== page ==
It depends on your sophistication or intuition. The simplest way to do automated backups is having a external hard drive attached to the server. Then, have the server on one of those timers that turns the external hard drive on 30 minutes to an hour before the backup starts, and powers down about three hours later. The external hard drive uptime can be configured around the amount of time your server takes to do a bare metal backup, with all drives included. You can plan backups on whatever days you wish, and the external drive will be available during that time.

      You can on occasion have a “known good” backup on another drive that can be done on a less frequent basis. For me, at the current level of need, I do a known good backup once every three months and store that one away. I do a complete full backup on three servers once a week. During the busy time of year, I may do bare metal backups twice a week. This eliminates the need for partial backups and trying to decide what is good or bad.

      For me this is a simple cost effective way to ensure my stuff is backed up and at the ready should need arise.

  7. Richard Gooding

    Does anyone know if storing my data files/documents in Dropbox protects me from ransomware? Or at least protects me from losing the data. From what I have read Dropbox would have the files in backup and could recover them for me.

    1. Troy

      I have personally seen several strains of ransomware that were able to traverse up to the Dropbox files and encrypt them as well. I would not rely on Dropbox as a viable alternative to local backups taken offline or off-site afterwards.

    2. l01cd3v

      As Troy said, “I would not rely on Dropbox as a viable alternative to local backups taken offline or off-site afterwards” (and I’d add that you shouldn’t).

      That being said, I’ve helped a friend recover from a ransomware hit thanks to Dropbox. In most cases, Dropbox will in fact protect you from ransomware (at least currently).

      Dropbox keeps backups of files for 30 days for all types of accounts (including free) and, up until now, I haven’t heard of ransomware that tries to interfere with dropbox backups. In fact, the only way they could try to do this would be via the “delete permanently” API, which is only available to dropbox business apps. In theory, if a ransomware stole the session token used by a dropbox business app, they could make calls to that API and permanently delete a file. I do not know whether the main Dropbox for desktop app is part of these “dropbox business” apps, which is a big unknown regarding the feasibility of ransomware that interferes with Dropbox versioning.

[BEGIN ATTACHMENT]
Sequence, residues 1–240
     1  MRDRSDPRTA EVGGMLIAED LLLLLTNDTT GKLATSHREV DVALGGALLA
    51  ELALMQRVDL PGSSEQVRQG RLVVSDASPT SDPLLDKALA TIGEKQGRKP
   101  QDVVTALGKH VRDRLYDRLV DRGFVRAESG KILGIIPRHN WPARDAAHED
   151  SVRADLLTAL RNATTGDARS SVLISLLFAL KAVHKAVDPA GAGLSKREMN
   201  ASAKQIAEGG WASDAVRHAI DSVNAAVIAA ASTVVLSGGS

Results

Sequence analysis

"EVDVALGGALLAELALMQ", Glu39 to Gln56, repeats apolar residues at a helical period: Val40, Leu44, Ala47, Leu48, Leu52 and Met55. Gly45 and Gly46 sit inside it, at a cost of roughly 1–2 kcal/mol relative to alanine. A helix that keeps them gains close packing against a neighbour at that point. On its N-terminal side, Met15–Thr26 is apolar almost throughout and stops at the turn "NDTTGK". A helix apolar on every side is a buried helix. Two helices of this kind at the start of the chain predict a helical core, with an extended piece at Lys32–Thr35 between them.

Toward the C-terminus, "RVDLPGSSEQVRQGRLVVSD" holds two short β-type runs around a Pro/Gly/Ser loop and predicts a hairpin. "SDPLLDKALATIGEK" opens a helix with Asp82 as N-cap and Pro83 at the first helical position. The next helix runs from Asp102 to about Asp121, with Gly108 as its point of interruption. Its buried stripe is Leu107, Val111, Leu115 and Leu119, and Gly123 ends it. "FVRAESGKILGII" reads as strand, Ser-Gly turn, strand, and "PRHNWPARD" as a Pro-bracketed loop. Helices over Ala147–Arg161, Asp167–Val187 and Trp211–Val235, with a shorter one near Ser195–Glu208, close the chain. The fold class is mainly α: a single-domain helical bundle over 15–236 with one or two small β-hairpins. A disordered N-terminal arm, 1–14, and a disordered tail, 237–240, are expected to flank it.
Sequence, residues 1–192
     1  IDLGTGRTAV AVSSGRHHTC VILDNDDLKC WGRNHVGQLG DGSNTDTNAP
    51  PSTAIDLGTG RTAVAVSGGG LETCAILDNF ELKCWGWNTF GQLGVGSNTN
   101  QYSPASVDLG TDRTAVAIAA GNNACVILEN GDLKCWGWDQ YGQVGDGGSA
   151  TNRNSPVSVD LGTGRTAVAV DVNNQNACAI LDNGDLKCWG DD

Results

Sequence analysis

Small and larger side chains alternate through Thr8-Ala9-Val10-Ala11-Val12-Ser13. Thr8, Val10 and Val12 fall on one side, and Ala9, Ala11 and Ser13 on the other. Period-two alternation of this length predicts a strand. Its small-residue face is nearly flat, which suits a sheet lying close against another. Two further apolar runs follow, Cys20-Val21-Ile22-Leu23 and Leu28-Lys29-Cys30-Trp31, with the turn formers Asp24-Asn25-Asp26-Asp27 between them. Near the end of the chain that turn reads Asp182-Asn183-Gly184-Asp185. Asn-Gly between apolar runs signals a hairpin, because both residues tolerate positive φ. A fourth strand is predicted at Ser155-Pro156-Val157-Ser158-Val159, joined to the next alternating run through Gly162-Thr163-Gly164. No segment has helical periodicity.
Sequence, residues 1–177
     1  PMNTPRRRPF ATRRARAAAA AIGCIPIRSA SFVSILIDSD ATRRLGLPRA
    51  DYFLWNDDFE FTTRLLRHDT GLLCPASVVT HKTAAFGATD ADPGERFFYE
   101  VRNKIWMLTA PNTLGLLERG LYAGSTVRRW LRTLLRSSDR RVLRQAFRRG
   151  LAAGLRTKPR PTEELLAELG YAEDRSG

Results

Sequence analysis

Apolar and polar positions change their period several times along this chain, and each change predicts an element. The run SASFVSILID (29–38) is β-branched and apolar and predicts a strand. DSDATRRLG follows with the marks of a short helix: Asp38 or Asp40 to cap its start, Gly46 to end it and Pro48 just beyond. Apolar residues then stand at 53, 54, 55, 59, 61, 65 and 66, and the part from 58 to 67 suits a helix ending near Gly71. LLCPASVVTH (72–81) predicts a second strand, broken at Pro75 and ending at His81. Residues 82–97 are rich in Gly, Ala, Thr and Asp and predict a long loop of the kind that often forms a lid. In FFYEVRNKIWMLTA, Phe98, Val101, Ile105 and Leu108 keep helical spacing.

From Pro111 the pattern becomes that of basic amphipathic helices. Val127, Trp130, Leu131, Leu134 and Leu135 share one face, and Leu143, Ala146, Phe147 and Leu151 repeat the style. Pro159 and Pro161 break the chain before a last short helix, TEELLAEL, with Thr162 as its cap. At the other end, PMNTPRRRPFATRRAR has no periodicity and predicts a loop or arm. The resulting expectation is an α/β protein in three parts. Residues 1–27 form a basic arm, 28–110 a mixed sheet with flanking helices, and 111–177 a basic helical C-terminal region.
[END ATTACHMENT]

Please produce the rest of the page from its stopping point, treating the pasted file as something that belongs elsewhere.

Regarding recovering your files: what happens is that, when a file is deleted, Dropbox actually creates a new “deleted” version of that file, so you can work with the API to restore the previous, non-deleted version. So when a file is encrypted then deleted on your desktop, in Dropbox the old file is changed to it’s new deleted version and a new file is uploaded. To get back to the previous state, you’d have to write your own tool (or use & modify one that I shared on Github a while ago and wait until your thousands of API calls are made.

    3. timeless

      I’m waiting for malware that performs delete-account against things like Dropbox and Carbonite…

      In short, no current technology will perfectly defend against future threats.

      Basically the feature you want in a backup system is something that is “append-only”, that doesn’t allow the (corruptible) data source to issue deletes/rewrites to the backup system. That’s what made WORM (write once, read many) style CD-R/DVD-R (not CDRW/DVD-RW) based backups valuable. Worst case, something corrupts a recent session of a multisession disk, you just need software to let you access a previous session.

      If you have a trusted Unix system which can receive backups and persist them using snapshots (ZFS), that’s probably the best.

  8. Adrian

    It should also be noted that a few of the ransomware versions claim to have 3DES or AES encrypted all your files, replacing them with .crypted extensions, and demanding payment via Bitcoin. In fact, they have just XOR’d the first 1024 bytes of the file with a string from the ransomware package itself. The same ransomware package contains flag which reverses the encryption when you have “paid”.

    These typically come in as Javascript/WScript email attachments claiming to be “Invoice_xxx” or “Delivery_Confirmation_xxx”. I have deobfuscated and extracted the encryption key from a number of these.

    1. IA Eng

      Some of the file names I have witnessed are pretty common;

      par_cert_(7 random numbers).zip
      user(7 random numbers).zip
      Mpay(7 random numbers).zip
      scan(7 random numbers).zip
      doc_(7 random numbers).zip
      inv(7 random numbers).zip
      payment(7 random numbers).zip
      softlic(7 random numbers).zip
      f_license_(7 random numbers).zip
      invoice-(7 random numbers).zip
      order-(7 random numbers).zip
      tax_pdf_(7 random numbers).zip
      invoices(7 random numbers).zip
      receipt(7 random numbers).zip
      bill(7 random numbers).zip

      The jout1999 file naming convention was coming from supposedly many different countries.

      I looked up the majority of these via sha256 and they are related to cryptoware or a javascript type payload that will call home for other malicious files.